Business / Technology
Wednesday, 06 Jul 2016 18:33 EATcirandu@kenyafreepress.com
There are 2.2 million vehicles on Kenya’s roads daily. A new rule in town requires owners of buses, cars and other motor vehicles to part with Sh3,700 for new number plates. The number plate comes with a microchip. Boda boda and trailer owners pay Sh1,500. Owners of vehicles with ordinary number plates must replace them within the next two years. The rule stipulates that each car will have a front and rear number plate and a sticker placed on the windscreen. This sticker bears information on the ownership, insurance and validates payment of tax. A radio frequency identification microchip on the sticker will facilitate a transfer of information to traffic lights and mobile police readers. Digital number plates are not only trendy, but also crucial in ensuring security. In the Diaspora, officers use this technology to detect and hinder crime.
The Prisons Department at Kamiti Maximum Security Prison currently makes number plates in Kenya. From time to time, a shortage of number plates hits motor vehicle dealers and clients, stalling the registration of new vehicles. Usually the vehicles are detained at the port or freight stations. Storage charges shoot up. The Kenya Revenue Authority stipulates that all imported vehicles have number plates while at the port of Mombasa. When the National Transport and Safety Authority delays on payment to the Prisons Department, number plate production stalls. Prisoners make one thousand number plates daily at Kamiti. According to the Kenya National Bureau of Statistics 68,489, cars were imported last year.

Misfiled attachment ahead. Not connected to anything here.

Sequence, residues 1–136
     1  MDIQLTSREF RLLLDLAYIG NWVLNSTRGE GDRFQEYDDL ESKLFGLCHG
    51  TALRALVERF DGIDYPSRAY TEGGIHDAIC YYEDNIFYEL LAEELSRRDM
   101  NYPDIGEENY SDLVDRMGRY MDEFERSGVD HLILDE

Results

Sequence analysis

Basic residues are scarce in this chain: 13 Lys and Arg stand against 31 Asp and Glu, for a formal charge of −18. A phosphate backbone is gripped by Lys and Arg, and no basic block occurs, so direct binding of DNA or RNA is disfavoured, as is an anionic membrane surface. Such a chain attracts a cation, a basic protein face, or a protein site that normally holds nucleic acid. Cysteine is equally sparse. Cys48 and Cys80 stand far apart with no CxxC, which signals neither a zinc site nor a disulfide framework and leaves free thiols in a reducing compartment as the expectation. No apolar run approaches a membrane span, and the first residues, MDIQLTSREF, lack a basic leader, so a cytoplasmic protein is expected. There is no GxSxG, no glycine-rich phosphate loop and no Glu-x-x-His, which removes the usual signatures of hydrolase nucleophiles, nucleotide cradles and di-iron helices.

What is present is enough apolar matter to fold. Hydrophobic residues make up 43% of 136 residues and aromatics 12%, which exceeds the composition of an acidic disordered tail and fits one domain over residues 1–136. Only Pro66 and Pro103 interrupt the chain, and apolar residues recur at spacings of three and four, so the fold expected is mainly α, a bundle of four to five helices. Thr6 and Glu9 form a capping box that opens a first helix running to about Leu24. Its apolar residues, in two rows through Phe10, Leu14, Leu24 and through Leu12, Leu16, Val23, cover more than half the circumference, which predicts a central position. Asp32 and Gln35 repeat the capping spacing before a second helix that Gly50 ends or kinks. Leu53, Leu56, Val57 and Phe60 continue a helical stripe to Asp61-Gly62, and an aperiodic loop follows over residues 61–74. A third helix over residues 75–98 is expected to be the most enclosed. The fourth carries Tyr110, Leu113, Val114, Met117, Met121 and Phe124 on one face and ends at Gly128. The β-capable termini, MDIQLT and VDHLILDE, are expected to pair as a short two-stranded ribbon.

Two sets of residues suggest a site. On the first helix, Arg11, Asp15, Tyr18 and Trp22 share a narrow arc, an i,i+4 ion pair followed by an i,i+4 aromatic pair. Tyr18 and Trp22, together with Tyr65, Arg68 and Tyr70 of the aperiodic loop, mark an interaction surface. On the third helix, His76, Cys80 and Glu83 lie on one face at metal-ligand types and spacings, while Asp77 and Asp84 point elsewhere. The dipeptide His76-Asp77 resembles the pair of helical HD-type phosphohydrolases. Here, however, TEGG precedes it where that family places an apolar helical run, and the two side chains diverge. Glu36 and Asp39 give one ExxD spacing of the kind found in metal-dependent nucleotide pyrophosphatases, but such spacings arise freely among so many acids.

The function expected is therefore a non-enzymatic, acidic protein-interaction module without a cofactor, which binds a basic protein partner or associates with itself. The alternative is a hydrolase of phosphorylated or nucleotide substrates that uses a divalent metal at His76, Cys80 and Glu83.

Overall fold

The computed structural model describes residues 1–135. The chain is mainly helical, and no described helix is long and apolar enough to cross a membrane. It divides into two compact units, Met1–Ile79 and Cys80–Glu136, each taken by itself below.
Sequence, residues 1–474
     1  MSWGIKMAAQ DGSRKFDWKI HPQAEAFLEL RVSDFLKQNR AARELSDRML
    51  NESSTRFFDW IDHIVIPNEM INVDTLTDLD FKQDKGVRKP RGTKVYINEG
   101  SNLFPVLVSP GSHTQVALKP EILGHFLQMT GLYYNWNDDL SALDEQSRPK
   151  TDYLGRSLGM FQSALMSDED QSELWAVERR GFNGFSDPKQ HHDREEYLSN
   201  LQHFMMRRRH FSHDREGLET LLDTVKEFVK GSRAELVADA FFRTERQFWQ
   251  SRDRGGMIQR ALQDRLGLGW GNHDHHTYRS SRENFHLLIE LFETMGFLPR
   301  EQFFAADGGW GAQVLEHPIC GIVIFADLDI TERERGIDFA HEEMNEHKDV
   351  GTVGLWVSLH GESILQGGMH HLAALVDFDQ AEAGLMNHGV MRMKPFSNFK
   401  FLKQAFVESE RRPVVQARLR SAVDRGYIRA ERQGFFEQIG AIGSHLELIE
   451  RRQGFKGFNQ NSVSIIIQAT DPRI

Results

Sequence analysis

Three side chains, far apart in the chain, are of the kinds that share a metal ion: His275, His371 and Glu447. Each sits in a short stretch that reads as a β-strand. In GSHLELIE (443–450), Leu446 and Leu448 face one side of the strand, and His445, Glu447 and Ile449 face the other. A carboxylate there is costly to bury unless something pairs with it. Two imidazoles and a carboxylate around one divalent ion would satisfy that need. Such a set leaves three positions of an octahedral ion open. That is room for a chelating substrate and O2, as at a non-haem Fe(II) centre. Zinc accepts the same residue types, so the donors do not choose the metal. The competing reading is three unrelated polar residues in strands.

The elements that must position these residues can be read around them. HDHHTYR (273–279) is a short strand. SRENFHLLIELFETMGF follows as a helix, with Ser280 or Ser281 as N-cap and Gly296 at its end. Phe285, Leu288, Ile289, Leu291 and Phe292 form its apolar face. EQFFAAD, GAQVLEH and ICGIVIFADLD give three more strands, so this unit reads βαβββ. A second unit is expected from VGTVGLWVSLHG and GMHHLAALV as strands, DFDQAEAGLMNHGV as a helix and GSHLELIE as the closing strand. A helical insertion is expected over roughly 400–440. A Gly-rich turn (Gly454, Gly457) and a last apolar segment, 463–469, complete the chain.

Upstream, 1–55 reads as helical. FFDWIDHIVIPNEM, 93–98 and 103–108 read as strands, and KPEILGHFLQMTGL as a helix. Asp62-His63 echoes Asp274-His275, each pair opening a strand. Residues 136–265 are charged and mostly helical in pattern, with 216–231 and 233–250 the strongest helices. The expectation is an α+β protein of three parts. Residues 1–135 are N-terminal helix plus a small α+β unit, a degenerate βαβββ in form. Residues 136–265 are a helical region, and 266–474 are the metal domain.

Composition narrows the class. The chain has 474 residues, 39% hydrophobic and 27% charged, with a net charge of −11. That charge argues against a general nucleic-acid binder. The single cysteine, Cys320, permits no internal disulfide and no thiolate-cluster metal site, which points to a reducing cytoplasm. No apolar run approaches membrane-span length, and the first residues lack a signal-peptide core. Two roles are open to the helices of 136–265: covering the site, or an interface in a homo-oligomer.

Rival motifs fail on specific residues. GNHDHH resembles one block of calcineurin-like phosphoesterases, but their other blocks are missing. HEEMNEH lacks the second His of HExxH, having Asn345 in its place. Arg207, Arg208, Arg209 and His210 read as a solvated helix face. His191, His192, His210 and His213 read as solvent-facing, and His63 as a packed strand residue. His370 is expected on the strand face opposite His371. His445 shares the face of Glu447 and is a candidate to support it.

Fraudsters also make counterfeit car number plates downtown. They masquerade as mechanics behind Shell Petrol Station on Kirinyaga Road. Prices of the fake vehicle registration numbers vary depending on a customer’s taste and requirements. These crooked mechanics also acquire radio frequency identification microchips from new vehicles involved in road accidents. Most of the mechanics learnt this side hustle from Kamiti where they were once jailbirds. It is sometimes difficult to produce unique number plates-two vehicles occasionally have identical ones.
The acting Executive Director of the Anti-Counterfeiting Agency Mr John Akoten also owns a car with fake registration. The State Official also altered a tracking device in another one of the cars assigned to him by the government. This was publicized after investigations on an earlier accident that occurred one and a half years ago ended. The government vehicle, a Volkswagen Passat initially had blue parastatal number plates. Mr Akoten wanted a civilian number plate prompting him to send his driver to mechanics to downtown Nairobi near Kirinyaga road. This service cost Sh2,500.
Mr Akoten appeared before an investigative committee. Committee members probed him and he vehemently denied using fake number plates. Mr Akoten began his tenure to deal specifically with the counterfeit industry, which is quite lucrative. Respect for government property is an integral role that comes with being a state official. State officials should serve the public with utmost respect, professionalism, accountability and diligence.
The writer is a journalism student at the University of Nairobi and intern writer at the Kenya Free Press.